Prior to this position Raul served as Chief of the 2010 Census
Media Relations Branch in the Public Information Office where he was in
charge of public affairs and media relations activities for the 2010
Census.

Raul has extensive and wide ranging public relations experience and has
worked with public and private sector stakeholders nationally and the state
and local levels.  Before coming to the Census Bureau, Raul served in a
number of capacities at the U.S. Small Business Administration from 2001 to
2008.  He was director of communications and responsible for press,
marketing, audiovisual services, Web design and internal communications.
He was also associate administrator for field operations, deputy chief of
staff and acting district director for Puerto Rico/U.S. Virgin Islands.

In addition to his federal service, Raul has also worked for the state of
California as an environmental engineer, assistant state treasurer and
communications specialist for the California State Senate.  Raul has been a
public relations consultant and commentator for print, radio and
television.  He also has private sector experience as an engineer and
supervisor working for the Campbell Soup Company.

Born and raised in the Republic of Panama, Raul earned his Bachelor of
Science degree from the U.S. Air Force Academy in Colorado.  He lives in
Laurel, Md., with his wife, Anita, and 15-year-old daughter.  He is active
in the community and serves as a board member for the Anne Arundel
Partnership for Children, Youth and Families.

New Information: The DraftFCB $200 Million Scandal

Thursday, July 16th, 2009

Editor’s Note: There have never been criminal charges brought against Boschetto, and MyTwoCensus does not claim to have any knowledge about his guilt or innocence. The suit linked to below makes allegations but does not provide supporting evidence to support its claims.

Editor’s Update: Today, Jim Edwards of BNet writes of the Boschetto case:

A federal judge dismissed the case in February 2007, fined the lawyer who filed it $8,000, and ordered him not to bring it again. (He appealed.) The judge also noted that Boschetto was never served in the case — even though he’s a named defendant — and that the complaint was littered with errors, including the plagiarism of several passages from other suits that were also dismissed. The judge wrote, “This intent to humiliate and embarrass is further manifested in the amended complaint which is littered with wholly irrelevant, inflammatory, and embarrassing facts concerning defendants and non-defendants alike that have no bearing on the actions brought…”

The mid 2000s were tumultuous times for DraftFCB.   Wal-Mart pulled out of their $580-million deal with the firm when, in December 2006, Wal-Mart fired two marketing executives who had helped procure the DraftFCB  contract, alleging that the executives had accepted gifts from the agencies under consideration when making their decision to hire DraftFCB.

These problems were further compounded when, in February 2006, DraftFCB’s CEO Laurence Boschetto, was accused of sexual abuse (read the court documents by clicking here) in bizarre incidents related to the Catholic Church abuse scandals. According to the attorney who filed this lawsuit (whom MyTwoCensus spoke with today), this case is still pending in the New York State Supreme Court and Boschetto has never refuted the charges by saying he didn’t commit the crimes (Purportedly, he has only stated that the statute of limitations in this case has expired).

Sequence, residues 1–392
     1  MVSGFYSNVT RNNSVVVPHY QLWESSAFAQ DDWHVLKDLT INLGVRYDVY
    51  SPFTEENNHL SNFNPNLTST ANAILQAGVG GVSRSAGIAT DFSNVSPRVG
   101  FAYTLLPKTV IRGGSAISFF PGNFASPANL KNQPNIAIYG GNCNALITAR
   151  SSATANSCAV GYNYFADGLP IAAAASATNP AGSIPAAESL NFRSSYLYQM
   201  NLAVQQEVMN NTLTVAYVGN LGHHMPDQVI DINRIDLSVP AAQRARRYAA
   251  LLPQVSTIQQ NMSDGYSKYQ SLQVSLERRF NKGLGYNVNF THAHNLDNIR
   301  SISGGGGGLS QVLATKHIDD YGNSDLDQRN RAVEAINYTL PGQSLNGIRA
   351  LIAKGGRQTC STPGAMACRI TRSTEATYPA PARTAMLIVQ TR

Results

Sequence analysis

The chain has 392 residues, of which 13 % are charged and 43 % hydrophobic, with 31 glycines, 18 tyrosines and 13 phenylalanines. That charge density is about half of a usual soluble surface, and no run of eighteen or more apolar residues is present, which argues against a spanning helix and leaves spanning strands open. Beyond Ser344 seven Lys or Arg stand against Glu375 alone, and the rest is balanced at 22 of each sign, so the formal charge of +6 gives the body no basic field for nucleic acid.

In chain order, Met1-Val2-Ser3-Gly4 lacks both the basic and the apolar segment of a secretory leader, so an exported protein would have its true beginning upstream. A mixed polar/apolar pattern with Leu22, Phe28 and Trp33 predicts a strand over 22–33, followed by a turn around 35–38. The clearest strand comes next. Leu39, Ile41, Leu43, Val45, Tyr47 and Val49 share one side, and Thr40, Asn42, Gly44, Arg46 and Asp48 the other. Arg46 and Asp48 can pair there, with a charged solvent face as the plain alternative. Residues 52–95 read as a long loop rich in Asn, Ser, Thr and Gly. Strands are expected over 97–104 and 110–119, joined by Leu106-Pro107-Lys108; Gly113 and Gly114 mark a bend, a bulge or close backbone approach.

None of these factors prevented the US Census Bureau from thinking that this was the ideal company to carry out its ad/media campaigns for the 2010 Census. DraftFCB was publicly announced as the winning firm in August 2007. Ostensibly the bidding/selection process for this $200 million contract took place while the firm was in the news for its less than positive dealings, which makes one wonder why they were selected over companies that weren’t plagued by scandals. As the Wal-Mart example shows, DraftFCB has no problem providing kickbacks for people to gain contracts.

MyTwoCensus is seriously concerned about the nature of how this contract was awarded and we are seeking information about the bidding process, proposals of other firms, and the high likelihood that Washington power-brokers had an unethical (if not illegal) influence on this bidding process. Unfortunately, we are unable to place an FOIA request to determine the nature of other companies’ proposals and bids due to legal restrictions, but we urge our readers who work for the IG, GAO, or Congress to gather this data.

UPDATE: MyTwoCensus Investigation: Scammers Running The 2010 Census Ad Campaign

Wednesday, July 15th, 2009

UPDATE: MyTwoCensus has been informed that Jay Waite, deputy director of the US Census Bureau, was also involved in procuring these contracts. According to his biography, “Waite is the visionary and architect of the 2010 reengineered census. Using hand-held computers for data collection, a major expansion of technology, will dramatically change the way censuses will be conducted for decades to come.”

Well, what scandal have we stumbled upon this time?

Upon doing some further research into DraftFCB’s massive $200 million advertising/media contract with the Census Bureau, I learned that this firm’s parent company, Interpublic Group was forced to pay a $12 million fine to the SEC for accounting fraud in 2008 and also owns a 49% stake in GlobalHue, an ethnic media PR firm that has been assigned to do the Latino/African-American outreach for the 2010 Census. But back in March of this year, GlobalHue was accused of overbilling the Bermudan government by $1.8 million on a $13 million contract. The Bermudans claim that GlobalHue:

    • Overbilled the account by $1.8 million.
    • Prebilled the government in violation of its own rules.
    • Didn’t keep invoices and billing records.
    • Didn’t return discounts and credits to the client.
    • Used a media buyer, Cornerstone, that charged commissions of  up to 181 percent.

    Have similar problems been going on in America with little oversight? Maybe the GAO and IG’s offices will soon let us know! (For now, click here to download the original accusations from Bermuda. H/t to Jim Edwards of BNET for providing these docs.)